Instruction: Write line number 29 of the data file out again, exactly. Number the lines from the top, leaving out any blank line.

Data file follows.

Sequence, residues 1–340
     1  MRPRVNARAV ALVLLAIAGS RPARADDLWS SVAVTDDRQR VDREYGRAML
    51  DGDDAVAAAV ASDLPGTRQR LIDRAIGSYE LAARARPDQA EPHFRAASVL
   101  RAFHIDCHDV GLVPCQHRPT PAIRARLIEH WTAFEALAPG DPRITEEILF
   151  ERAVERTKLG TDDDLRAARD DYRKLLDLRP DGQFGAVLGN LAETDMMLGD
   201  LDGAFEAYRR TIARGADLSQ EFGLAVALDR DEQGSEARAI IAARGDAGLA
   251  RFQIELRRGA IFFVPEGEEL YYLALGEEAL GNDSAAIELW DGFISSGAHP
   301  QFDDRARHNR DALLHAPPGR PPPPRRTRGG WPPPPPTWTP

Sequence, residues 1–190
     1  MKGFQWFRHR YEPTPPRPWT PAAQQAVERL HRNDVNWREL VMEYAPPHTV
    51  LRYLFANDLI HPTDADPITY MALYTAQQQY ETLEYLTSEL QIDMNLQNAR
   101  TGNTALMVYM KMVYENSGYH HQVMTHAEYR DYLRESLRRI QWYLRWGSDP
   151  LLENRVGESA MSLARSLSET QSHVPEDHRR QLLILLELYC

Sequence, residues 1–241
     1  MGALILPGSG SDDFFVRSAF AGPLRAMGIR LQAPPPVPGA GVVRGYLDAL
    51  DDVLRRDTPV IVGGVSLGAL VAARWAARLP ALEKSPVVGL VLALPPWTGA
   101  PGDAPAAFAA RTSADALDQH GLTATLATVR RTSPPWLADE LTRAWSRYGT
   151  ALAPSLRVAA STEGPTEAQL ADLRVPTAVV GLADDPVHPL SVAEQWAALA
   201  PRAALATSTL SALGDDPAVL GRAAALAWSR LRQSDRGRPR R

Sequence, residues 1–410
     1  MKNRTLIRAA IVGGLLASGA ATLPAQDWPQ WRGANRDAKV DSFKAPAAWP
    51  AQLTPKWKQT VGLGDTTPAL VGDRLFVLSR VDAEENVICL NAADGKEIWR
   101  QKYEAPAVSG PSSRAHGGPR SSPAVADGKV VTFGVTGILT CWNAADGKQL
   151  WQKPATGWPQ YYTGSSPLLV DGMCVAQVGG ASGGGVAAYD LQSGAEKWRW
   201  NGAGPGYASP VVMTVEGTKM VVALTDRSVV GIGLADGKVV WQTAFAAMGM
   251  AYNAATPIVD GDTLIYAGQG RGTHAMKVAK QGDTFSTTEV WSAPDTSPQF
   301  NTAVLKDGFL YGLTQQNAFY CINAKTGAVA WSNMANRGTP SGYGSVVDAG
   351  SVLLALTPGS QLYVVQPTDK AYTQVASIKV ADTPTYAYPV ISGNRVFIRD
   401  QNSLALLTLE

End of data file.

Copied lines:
   401  QNSLALLTLE